Homunculus Fallacy

Every so often I think of a new way of explaining something. Lately, most of these haven’t quite been as credible as I might like (Sartre on ‘facticity’ and Frozen, Mr Potato from Peppa Pig) and this one, I guess, isn’t much better.

The homunculus fallacy is an error in reasoning that rears it’s head regularly in the Core Theme of the International Baccalaureate Philosophy course. Put most simply, it is committed when one seeks to explain a thing but makes use of the concept that is being (attempted) explained.

The claim that Descartes does little more than describe the mind as a littler version of me (a homunculus) inside my head is common but student’s often fail to see why this is such a problem.

The other day I was making pancakes with my two-year-old, and after we had put the eggs ad flour in the bowl I asked her what we should add next. “Pancakes” came the answer. “Daddy put the pancakes in now”.

This is exactly the problem Descartes (and many others) are being accused of. A definition of pancakes that uses ‘pancakes’ as one of the ingredients is clearly a problem. Likewise a definition of mind calls apon a notion of the very thing it is trying to explain must be treated with suspicion.

For more examples check out this post from ‘Fallacy a Day‘.

fallacy of equivocation

kerosine is fuel…

red bull is fuel…

therefore kerosine is red bull…

This might seem like a fairly obvious mistake… and the reason it’s funny here is  due to this – but the same error is found (arguably) at the centre of a number of complicated and high level philosophical arguments… Let’s have a look…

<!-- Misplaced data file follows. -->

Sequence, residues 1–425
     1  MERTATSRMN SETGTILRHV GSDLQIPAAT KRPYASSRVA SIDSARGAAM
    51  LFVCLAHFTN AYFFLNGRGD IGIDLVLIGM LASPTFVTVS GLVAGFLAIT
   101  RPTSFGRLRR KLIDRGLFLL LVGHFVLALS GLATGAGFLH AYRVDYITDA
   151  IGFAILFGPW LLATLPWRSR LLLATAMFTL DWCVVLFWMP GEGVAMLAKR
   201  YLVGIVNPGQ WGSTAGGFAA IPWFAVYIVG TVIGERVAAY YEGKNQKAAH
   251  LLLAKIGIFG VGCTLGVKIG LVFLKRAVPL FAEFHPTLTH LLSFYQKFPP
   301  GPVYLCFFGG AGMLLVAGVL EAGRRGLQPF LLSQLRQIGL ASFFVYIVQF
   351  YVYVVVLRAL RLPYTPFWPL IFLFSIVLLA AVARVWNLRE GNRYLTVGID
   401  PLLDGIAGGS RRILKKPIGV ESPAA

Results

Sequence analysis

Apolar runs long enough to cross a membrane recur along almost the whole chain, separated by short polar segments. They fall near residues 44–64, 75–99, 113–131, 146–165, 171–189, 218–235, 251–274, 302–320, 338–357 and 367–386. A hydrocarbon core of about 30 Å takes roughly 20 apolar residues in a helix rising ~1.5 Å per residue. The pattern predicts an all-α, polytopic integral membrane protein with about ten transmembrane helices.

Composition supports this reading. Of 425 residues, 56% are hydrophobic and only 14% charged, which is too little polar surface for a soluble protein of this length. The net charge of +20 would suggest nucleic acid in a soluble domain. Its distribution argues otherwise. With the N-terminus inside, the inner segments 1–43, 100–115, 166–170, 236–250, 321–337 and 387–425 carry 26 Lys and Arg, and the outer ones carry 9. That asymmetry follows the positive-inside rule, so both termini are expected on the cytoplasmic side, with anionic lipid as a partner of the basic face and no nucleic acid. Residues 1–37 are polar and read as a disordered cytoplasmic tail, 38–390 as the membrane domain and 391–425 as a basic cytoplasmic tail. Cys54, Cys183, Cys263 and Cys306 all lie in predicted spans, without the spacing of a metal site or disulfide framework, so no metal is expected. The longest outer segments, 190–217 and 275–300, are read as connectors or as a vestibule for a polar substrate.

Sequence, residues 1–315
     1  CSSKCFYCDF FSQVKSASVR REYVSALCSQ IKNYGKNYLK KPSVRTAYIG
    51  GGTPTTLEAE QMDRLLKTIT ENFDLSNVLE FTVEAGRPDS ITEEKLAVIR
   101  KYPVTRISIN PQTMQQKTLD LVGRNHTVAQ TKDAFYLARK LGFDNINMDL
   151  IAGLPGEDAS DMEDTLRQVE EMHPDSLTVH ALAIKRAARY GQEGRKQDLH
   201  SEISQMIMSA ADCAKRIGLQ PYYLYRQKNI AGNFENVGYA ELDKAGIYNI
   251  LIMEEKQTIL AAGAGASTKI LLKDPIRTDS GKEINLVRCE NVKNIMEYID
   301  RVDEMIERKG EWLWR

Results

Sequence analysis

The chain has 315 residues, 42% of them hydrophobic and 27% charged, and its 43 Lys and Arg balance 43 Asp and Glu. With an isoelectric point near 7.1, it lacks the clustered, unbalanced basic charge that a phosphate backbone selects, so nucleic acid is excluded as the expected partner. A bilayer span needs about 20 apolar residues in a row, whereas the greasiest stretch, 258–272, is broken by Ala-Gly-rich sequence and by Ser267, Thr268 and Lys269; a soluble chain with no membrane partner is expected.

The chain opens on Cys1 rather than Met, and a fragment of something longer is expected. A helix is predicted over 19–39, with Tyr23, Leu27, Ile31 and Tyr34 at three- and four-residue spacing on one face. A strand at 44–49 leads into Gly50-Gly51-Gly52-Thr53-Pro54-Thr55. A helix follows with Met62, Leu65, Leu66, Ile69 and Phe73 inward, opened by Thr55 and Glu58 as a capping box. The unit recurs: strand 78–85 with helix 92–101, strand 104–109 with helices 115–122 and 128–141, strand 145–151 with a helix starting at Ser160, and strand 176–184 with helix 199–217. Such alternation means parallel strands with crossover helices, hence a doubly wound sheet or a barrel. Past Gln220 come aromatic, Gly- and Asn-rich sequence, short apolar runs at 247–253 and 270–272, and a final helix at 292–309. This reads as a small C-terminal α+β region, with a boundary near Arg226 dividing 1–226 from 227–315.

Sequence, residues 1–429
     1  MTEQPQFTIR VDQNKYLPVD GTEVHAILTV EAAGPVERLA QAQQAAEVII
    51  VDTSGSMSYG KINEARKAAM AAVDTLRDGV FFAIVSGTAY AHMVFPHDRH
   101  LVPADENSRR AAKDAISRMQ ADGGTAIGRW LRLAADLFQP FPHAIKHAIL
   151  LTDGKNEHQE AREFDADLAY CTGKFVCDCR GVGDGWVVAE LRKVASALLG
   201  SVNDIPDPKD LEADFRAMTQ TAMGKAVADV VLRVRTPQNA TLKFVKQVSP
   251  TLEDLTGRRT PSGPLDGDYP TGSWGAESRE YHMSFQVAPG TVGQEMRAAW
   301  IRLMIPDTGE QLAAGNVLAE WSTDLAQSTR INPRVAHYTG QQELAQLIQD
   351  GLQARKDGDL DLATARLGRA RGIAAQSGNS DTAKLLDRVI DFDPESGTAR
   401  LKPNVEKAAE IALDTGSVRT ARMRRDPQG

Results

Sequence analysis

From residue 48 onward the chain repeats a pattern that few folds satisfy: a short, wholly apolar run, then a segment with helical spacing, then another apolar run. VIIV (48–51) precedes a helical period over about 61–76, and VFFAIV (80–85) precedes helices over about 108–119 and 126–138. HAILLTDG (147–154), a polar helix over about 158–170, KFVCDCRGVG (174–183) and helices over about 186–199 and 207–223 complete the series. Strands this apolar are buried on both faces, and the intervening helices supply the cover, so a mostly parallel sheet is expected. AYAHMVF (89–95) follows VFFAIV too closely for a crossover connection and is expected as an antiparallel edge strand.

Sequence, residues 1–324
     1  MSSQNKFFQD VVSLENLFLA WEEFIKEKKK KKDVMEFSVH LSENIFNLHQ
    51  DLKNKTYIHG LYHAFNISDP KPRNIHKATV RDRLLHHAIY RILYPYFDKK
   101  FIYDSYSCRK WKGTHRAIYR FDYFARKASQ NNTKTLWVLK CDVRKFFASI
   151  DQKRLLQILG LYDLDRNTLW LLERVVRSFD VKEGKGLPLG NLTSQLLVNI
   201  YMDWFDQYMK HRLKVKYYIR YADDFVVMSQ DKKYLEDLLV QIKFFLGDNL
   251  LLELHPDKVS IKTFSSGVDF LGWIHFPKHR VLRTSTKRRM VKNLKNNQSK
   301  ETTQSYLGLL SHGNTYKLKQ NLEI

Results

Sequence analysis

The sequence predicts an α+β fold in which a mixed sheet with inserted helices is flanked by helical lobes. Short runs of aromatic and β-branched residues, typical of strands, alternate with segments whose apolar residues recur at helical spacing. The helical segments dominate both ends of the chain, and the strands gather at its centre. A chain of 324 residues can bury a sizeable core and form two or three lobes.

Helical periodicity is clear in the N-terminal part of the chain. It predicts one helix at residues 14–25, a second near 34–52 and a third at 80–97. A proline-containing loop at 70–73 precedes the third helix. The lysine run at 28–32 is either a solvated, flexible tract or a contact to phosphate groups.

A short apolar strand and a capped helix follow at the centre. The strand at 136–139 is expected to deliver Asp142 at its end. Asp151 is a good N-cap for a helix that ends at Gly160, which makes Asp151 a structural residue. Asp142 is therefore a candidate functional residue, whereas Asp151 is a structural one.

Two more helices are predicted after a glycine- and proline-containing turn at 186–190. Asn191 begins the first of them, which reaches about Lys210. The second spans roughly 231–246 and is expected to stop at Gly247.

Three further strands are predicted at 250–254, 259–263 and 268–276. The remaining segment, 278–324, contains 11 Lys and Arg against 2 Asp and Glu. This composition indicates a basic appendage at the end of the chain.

‘begging’ the question

Firstly it probably helps to distinguish what philosophers mean by this slightly strange phrase when compared to something people say quite frequently that sounds very similar.

When someone says “that begs the question…” it usually means something like “well that makes me wonder about…”. For example:

Andy Murray only looks good on grass, which begs the question whether he can ever be ranked much higher than number 4 in the world…

Unfortunately for us, this doesn’t really have anything to do with what philosophers mean when they use these words together. When a philosopher suggests that a given argument is ‘begging the question’, they are claiming that it contains an assumption (probably implicit or hidden) in the premises that is necessary in arriving at the argument’s conclusion.

The Pan Dictionary of Philosophy defines ‘begging the question’ as

The procedure of taking for granted, in a statement or argument, precisely what is in dispute.

So an example might run something like this:

I know I am free. Whenever I have a tough decision to make I sit down, think about my options and opt for one on the courses of action.

This might not be the best example, but if we sort it all out it begins to look like this:

1. I make reasoned decisions.

C: These decisions are free.

 

But really what is happening here, is a bit more like this:

1. I make reasoned decisions.

2(implied). The fact I have this experience of weighing up options mean my decisions are free.

C: These decisions are free.

Now of course, 2 is exactly what philosophers would be looking to challenge if they were disputing that our writer has free will so, this is begging the question.